DEMENTIAS

DEMENTIA AND MILD COGNITIVE IMPAIRMENT

Besides Alzheimer’s Disease there are many other causes of dementia and mild cognitive impairment (MCI), such as Dementia with Lewy Bodies, FTD, Vascular Dementia, Drug-induced Dementia and Depression.

Please contact us at Out and About Colorado if you are in need of care. Generally we are able to offer a program that will provide socialization and stimulation for someone with mild to moderate dementia regardless of diagnosis, so please get in touch.

DESCRIPTION OF EARLY ONSET ALZHEIMER’S DISEASE

Answer below is written by Ms. Megan Carnarius. Please refer to her website at megancarnarius.com to learn about her newly published book on caring for those with dementia, A Deeper Perspective on Alzheimer’s and Other Dementias: Practical Tools and Spiritual Insights
Q: I’ve heard about early-onset Alzheimer’s. What does this mean?

A: Early-onset Alzheimer’s occurs as a diagnosis when someone is under the age of 65. This is still considered rare and occurs in about five percent of all Alzheimer’s cases. It is difficult to get a proper diagnosis at times because clinicians don’t typically look for this disease when trying to figure out what is causing problems for this younger individual. Sometimes psychiatric approaches are attempted before a proper diagnosis is reached. Symptoms can start occurring between the ages of 45 to 55, in some cases. The youngest reported case of Alzheimer’s was 29 years of age. However this person had Downs Syndrome, which can cause an increased risk for Alzheimer’s disease.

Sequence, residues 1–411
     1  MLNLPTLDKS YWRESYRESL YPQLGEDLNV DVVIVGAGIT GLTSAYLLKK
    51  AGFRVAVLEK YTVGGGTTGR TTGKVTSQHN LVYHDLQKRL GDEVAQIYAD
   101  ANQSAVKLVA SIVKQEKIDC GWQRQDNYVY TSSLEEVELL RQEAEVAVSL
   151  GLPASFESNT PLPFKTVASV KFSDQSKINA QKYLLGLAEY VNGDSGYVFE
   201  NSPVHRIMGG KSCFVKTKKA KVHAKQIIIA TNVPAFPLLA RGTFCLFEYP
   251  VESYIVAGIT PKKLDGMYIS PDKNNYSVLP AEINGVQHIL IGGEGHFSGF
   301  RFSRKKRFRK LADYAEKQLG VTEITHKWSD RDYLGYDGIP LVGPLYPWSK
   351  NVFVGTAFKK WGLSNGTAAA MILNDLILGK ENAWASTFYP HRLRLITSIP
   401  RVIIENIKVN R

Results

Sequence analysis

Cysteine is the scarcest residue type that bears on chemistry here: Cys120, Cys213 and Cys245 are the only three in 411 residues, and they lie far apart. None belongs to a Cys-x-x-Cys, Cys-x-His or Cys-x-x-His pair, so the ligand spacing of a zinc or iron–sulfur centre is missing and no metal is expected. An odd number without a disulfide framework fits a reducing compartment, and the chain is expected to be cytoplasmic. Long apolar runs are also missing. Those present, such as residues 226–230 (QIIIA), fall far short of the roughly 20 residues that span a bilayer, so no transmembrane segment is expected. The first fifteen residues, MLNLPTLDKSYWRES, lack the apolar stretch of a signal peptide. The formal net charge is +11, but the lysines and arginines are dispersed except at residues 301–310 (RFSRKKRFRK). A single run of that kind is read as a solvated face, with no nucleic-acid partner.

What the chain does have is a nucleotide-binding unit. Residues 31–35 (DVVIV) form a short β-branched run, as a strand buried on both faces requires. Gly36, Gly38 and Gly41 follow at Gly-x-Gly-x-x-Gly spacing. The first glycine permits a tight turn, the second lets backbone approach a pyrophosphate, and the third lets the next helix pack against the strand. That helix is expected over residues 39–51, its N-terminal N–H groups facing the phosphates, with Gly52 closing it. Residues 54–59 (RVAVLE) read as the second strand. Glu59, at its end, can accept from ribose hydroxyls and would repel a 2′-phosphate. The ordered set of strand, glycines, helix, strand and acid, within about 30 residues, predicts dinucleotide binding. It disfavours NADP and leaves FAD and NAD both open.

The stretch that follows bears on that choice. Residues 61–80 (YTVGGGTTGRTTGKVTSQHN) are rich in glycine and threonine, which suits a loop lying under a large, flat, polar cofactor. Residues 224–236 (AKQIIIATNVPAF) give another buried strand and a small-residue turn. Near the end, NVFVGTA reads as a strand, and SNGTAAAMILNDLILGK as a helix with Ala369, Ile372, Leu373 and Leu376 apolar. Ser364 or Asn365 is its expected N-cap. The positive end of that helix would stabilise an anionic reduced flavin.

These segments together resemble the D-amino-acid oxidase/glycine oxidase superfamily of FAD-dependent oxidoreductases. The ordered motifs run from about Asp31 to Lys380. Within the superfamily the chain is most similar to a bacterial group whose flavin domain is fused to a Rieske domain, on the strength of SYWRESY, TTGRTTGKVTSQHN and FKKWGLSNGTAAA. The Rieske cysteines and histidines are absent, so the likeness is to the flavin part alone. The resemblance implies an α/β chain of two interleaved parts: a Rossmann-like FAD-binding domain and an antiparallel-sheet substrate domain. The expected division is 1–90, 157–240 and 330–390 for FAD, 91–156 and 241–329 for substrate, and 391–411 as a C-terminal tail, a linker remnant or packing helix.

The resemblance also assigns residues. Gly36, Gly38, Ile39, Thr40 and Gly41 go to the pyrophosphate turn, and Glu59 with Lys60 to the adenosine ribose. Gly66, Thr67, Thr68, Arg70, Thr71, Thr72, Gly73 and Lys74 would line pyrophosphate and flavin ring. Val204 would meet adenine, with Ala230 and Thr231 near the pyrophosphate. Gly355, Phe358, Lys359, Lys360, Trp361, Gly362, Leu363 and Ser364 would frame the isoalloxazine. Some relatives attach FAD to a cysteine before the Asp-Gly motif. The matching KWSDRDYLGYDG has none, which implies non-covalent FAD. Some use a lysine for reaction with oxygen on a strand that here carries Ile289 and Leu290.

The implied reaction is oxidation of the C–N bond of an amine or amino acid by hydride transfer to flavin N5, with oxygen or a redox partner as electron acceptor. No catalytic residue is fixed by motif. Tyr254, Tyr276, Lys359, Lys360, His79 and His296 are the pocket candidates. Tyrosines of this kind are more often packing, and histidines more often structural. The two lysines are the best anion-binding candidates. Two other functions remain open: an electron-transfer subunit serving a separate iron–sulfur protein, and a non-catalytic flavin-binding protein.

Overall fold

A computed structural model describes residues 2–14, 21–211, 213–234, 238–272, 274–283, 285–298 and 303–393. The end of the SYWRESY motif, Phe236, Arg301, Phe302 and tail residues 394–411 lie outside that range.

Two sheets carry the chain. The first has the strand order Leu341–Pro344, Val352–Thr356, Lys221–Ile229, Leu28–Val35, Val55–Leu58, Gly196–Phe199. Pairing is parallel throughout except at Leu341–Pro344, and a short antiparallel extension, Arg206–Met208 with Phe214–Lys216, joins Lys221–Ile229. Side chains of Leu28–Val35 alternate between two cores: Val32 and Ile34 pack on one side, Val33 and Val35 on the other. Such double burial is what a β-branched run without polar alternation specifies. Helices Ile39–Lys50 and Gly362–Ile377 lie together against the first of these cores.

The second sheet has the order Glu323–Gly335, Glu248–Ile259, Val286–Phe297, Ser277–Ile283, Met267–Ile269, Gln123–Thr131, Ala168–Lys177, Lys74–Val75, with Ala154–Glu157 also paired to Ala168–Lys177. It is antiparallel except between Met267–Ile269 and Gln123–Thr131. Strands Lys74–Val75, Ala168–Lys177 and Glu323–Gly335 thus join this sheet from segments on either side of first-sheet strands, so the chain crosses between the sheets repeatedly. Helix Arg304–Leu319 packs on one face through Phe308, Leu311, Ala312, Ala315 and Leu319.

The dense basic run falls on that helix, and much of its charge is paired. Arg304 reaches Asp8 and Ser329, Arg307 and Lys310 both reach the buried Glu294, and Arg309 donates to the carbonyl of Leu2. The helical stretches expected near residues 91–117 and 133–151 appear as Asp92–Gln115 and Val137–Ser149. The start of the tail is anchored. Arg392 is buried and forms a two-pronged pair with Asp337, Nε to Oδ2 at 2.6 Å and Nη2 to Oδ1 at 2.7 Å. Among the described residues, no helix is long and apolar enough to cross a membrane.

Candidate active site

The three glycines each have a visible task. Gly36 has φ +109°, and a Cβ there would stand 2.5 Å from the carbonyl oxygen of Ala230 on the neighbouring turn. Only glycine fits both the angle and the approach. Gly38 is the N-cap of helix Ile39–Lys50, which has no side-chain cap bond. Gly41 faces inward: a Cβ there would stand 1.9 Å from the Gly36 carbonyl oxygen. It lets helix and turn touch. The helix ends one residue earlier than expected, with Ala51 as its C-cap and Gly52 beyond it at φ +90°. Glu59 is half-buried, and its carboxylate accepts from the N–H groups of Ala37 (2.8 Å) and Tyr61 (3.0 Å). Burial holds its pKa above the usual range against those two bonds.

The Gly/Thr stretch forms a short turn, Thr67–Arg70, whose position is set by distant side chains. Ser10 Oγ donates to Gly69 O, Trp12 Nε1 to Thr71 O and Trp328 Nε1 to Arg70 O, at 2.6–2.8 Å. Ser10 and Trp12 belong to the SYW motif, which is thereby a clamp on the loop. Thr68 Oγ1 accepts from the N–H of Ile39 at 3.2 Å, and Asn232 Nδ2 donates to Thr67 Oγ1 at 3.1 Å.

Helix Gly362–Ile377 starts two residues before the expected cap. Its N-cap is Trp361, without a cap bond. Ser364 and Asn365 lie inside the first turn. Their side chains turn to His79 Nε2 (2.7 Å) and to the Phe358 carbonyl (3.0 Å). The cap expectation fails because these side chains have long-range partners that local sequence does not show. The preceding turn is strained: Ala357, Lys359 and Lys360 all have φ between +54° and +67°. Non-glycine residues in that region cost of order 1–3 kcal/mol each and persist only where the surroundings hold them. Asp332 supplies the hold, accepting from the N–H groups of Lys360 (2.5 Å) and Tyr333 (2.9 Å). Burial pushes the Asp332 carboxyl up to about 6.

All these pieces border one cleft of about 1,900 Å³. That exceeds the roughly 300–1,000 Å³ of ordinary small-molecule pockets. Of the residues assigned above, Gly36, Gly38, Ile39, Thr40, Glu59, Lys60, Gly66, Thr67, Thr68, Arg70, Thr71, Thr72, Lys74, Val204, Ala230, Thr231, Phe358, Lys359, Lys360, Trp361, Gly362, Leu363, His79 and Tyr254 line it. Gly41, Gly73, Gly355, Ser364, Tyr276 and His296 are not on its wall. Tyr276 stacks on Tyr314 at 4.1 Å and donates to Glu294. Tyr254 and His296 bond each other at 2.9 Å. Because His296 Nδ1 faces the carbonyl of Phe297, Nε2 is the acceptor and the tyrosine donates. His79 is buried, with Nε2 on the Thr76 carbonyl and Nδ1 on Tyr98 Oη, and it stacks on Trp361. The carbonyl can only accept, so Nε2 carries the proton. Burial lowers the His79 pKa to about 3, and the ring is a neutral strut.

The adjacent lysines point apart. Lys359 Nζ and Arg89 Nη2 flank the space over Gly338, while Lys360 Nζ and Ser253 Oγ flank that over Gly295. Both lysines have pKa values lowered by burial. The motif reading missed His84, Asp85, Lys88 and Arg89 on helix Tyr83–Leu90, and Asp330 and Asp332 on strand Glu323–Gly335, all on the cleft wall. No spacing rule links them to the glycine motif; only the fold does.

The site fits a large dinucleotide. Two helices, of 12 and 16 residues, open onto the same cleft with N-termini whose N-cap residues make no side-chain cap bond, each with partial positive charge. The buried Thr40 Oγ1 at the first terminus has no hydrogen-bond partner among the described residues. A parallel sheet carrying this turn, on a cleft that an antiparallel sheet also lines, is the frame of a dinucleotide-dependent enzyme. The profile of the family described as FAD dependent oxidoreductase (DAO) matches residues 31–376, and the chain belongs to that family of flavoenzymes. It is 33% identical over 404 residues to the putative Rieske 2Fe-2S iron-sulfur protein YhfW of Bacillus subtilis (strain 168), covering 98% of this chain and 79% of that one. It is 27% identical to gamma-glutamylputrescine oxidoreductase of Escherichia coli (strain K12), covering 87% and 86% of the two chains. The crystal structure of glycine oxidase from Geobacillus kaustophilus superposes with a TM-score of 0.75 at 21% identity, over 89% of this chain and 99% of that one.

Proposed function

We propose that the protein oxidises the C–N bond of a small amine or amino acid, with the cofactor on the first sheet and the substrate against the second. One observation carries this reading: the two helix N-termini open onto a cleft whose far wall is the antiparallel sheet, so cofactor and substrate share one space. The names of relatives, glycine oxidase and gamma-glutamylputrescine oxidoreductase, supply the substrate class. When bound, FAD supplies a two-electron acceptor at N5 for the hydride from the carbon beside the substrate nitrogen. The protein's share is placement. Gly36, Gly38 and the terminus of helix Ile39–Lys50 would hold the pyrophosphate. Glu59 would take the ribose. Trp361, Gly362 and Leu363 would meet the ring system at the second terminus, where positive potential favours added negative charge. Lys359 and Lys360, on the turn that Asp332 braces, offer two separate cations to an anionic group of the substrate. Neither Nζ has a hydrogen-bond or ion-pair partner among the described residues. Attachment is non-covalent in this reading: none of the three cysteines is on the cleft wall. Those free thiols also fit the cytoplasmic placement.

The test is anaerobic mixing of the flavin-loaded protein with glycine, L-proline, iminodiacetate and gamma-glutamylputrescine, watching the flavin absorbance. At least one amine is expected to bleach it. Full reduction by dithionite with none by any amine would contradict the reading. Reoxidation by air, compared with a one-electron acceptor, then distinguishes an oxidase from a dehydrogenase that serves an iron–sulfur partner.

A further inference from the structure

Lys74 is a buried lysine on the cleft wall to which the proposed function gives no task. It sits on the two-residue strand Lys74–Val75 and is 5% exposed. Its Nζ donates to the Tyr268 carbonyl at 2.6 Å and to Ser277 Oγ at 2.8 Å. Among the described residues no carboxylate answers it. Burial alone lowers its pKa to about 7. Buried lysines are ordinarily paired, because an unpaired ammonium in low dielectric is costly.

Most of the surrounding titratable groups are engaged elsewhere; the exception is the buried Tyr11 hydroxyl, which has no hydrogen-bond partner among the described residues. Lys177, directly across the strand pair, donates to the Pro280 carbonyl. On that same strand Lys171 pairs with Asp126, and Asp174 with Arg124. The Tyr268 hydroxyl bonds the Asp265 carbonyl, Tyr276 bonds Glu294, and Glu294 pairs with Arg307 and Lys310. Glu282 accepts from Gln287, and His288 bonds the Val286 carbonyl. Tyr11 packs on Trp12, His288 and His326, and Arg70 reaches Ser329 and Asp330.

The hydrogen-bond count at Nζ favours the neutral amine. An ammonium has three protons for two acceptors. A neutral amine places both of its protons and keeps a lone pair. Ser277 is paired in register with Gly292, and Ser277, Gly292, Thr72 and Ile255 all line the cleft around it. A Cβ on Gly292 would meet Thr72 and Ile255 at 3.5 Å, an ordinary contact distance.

Researchers have been studying genetic correlations, by mapping family histories for incidences of the disease; and have identified specific genetic markers. Different chromosomes can trigger different ages of onset. One family may have triggers for early onset; whereas another family may have triggers in their mid-70s or 80s. Because Alzheimer’s disease can occur repeatedly in a family group, or only one individual may have it, there is still a lot of research occurring to understand this more. Geneticists hope to one day be able to create an inoculation. Because changes occur to the brain prior to seeing outward symptoms, researchers would want the inoculation given perhaps ten to twenty years before a family’s known age of onset. Therefore if a family was having early onset at 65, and if research could halt the triggers by inoculating at 45, that would be their hope.

This does not resolve family situations right now, unfortunately. This disease is challenging and early-onset can be particularly devastating to the hopes and dreams one had for the expected life plan. In some instances, the following problems can occur:

                    • Wage earners are not ready for retirement.
                    • Jobs may have been lost due to poor performance prior to understanding what was happening.
                    • Children may not be raised.
                    • Families may also be caring for parents in their senior years.
                    • Young individuals don’t qualify for Medicare, causing financial stress to families.
                    • Powers of attorney, wills and plans for end-of-life need to be pulled together, if not already done so.